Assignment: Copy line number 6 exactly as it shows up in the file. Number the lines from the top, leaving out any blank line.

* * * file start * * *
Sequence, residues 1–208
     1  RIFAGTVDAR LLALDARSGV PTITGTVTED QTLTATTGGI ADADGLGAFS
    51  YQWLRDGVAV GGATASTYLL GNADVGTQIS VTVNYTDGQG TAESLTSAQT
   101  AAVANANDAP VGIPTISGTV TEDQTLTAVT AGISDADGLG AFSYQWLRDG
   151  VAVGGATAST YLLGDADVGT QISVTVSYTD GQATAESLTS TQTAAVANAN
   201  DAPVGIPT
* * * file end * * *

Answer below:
   201  DAPVGIPT